Wild Life

Inconspicuous Battleground

Off the coast of South Australia, an unremarkable setting conceals one of the ocean’s most spectacular events—a mating spree for the world’s largest cuttlefish.

Scanning the austere coastline surrounding South Australia’s Spencer Gulf, there would be little reason to suspect that anything extraordinary ever happens in this place. A monotonous landscape of sand, rocks, and shrubs is interrupted only by the occasional gas refinery or lead smelter. The name of the area’s most prominent landmark, Point Lowly, practically promises obscurity. But dipping beneath the surface of the Gulf’s chilly mid-winter waters reveals a different world altogether. Here, aggression, deception, and sex rule the day.

For reasons no one completely understands, Point Lowly has become the spot where the world’s largest cuttlefish—a type of free-swimming mollusk most closely related to octopuses and squids—comes to spawn en masse. In a patch of ocean roughly the size of 10 soccer fields, as many as a quarter million giant Australian cuttlefish (Sepia apama) emerge from their otherwise solitary existence and gather to compete for mates and find suitable places to lay their fertilized eggs before they die.

This underwater spectacle remained relatively unknown until the late 1990s. That’s when a few intrepid divers strapped on scuba masks and splashed into the 10 degrees Celsius (50 degrees Fahrenheit) Gulf waters. What they discovered just offshore turned out to be the only known dense spawning aggregation of any species of cuttlefish anywhere in the world. Ever since, this annual phenomenon has provided priceless opportunities for scientists to study the behavior and biology—from mate selection and deception to color change and camouflage—of this otherwise elusive sea creature.

At Point Lowly, researchers needn’t venture far to find their study subjects. According to acclaimed underwater photographer Justin Gilligan, who captured these images, giant cuttlefish can be found spawning in water as shallow as knee deep, just steps away from the point’s historic lighthouse—and then as far as the eye can see. The sheer abundance of animals and activity makes for an interesting predicament, says Gilligan. Typically, his challenge as a wildlife photographer is finding interesting behaviors to capture. During the giant cuttlefish spawning aggregation, it’s the opposite. With so many remarkable maneuvers and displays happening all around, the hardest part is knowing which direction to aim his camera.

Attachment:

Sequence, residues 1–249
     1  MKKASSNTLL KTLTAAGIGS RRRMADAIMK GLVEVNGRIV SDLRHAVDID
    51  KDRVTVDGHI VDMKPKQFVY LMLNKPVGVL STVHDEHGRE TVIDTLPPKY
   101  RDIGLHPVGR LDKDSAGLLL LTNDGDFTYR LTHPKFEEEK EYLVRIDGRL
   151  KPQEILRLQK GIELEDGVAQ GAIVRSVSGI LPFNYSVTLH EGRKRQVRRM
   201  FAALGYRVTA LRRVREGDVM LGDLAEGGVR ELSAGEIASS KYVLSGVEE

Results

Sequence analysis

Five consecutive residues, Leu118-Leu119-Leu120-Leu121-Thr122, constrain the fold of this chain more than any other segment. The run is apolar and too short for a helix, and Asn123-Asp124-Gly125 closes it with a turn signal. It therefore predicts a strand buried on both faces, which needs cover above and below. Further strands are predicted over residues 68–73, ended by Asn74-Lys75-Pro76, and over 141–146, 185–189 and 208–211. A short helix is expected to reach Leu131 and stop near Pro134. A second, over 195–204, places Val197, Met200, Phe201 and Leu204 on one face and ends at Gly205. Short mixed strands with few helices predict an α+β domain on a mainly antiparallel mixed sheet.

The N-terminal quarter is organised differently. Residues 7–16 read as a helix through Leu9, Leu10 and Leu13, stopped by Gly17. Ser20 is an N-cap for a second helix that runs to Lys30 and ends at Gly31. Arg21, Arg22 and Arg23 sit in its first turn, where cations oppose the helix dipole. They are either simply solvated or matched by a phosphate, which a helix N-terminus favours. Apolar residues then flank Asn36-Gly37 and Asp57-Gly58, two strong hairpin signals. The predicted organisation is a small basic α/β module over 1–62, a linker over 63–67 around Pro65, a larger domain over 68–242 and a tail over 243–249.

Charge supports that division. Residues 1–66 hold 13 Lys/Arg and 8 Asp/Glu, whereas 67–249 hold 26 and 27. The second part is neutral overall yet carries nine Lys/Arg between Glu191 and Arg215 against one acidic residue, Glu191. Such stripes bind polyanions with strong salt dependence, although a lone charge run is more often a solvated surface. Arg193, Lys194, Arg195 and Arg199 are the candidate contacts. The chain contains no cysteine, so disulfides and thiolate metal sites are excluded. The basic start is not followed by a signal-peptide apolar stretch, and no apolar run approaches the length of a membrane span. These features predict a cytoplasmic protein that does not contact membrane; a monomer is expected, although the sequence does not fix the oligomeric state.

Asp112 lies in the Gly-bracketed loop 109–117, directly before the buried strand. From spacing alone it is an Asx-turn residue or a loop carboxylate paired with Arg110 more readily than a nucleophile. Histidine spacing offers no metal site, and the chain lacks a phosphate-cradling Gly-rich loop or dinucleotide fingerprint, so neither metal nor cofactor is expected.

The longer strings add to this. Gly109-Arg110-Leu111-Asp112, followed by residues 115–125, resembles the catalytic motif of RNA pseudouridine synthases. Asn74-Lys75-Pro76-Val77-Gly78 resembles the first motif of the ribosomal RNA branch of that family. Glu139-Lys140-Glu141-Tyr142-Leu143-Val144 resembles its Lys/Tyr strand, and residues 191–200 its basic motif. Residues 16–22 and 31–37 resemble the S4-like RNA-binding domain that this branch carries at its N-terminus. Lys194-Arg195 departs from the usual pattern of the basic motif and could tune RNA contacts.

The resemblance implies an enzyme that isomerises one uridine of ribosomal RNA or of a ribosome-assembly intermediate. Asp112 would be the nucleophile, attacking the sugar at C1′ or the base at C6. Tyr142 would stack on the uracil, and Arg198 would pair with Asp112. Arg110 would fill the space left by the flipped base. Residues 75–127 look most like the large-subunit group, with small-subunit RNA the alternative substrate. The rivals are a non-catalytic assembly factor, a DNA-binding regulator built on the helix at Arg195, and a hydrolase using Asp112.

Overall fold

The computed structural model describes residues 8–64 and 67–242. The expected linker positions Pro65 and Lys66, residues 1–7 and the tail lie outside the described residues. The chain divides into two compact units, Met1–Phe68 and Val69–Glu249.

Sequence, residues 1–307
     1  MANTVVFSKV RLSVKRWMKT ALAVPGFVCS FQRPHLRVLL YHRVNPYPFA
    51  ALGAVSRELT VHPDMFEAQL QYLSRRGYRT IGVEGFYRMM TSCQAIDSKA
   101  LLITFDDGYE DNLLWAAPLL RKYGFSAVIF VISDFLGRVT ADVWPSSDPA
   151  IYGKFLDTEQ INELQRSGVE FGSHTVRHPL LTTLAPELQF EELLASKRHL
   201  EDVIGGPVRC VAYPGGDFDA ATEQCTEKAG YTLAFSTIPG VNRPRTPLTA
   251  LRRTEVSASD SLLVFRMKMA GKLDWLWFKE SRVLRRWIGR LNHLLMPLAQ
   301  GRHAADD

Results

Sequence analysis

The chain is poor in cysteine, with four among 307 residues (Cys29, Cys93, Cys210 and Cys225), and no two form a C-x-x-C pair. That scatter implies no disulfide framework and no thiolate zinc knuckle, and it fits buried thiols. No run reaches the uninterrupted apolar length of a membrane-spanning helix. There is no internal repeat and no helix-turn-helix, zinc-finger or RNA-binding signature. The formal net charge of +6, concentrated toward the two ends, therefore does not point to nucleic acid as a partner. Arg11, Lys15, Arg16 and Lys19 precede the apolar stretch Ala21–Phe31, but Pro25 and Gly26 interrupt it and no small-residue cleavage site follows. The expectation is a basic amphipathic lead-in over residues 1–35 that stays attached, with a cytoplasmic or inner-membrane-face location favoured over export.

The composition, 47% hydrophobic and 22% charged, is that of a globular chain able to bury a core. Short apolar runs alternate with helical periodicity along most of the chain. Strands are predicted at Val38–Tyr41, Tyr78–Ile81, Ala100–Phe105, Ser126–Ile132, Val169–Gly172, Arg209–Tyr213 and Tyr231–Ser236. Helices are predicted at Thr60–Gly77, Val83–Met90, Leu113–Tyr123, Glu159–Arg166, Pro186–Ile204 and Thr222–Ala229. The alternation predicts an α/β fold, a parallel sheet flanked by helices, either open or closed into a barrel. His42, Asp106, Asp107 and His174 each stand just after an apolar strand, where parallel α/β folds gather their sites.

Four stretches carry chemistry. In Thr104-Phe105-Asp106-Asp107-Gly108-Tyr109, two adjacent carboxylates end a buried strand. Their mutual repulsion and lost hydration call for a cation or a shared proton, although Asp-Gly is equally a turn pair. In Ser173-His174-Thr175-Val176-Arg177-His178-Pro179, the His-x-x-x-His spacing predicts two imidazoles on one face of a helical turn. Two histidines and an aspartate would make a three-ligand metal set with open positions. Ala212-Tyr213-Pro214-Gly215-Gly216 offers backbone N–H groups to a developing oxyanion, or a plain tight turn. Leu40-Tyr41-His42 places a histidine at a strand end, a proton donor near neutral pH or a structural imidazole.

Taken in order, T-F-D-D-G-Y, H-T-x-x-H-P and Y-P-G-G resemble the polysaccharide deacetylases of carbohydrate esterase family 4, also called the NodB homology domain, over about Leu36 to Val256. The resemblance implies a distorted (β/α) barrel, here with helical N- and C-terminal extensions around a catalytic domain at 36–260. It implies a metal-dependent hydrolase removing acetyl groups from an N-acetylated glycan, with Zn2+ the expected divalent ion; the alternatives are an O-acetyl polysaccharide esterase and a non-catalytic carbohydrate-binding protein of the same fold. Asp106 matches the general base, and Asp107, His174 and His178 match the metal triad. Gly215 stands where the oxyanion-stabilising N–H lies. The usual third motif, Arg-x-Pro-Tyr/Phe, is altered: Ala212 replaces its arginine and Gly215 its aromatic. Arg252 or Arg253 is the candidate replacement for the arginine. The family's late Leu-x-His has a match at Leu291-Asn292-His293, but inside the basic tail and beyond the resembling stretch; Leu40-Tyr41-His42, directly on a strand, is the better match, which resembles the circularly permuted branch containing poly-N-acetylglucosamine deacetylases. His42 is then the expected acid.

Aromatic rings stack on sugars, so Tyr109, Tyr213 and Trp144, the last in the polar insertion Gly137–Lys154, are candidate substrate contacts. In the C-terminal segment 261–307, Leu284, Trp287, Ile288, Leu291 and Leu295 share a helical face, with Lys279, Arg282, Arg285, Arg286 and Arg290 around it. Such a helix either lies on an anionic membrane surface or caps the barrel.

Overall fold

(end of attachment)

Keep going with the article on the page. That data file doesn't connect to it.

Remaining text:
In this small patch of ocean, as many as a quarter million giant Australian cuttlefish emerge from their otherwise solitary existence, gathering to mate and lay their fertilized eggs.

As overwhelming as this scene might be for an underwater photographer, it’s a pretty unusual circumstance for a cuttlefish, too. These creatures spend the vast majority of their short lives in isolation—camouflaged and hiding in crevasses or amidst patches of seaweed. Although they’re voracious and opportunistic predators, consuming nearly any fish or crustacean they can catch, giant Australian cuttlefish actually spend as much as 95 percent of their time resting. This enables them to channel most of their energy toward growth. And they grow fast. In just 12 to 18 months—the average lifespan of the species—a male cuttlefish may reach a length of 1 meter (3.3 feet) and a weight of 16 kilograms (35 pounds).

Although the giant cuttlefish is found only in Australia, its range is vast—extending along the continent’s entire southern coastline—and encompasses a wide variety of habitats, from coral and rocky reefs to seagrass beds and sandy and muddy seafloors. A key to the species’ adaptability is camouflage. Like many other cephalopods, the class of organisms that includes octopuses and squids, cuttlefish possess a remarkable capacity to vary the color, pattern, and texture of their skin—and to change these characteristics moment to moment, flawlessly matching their surroundings and blending in as they move across the seafloor.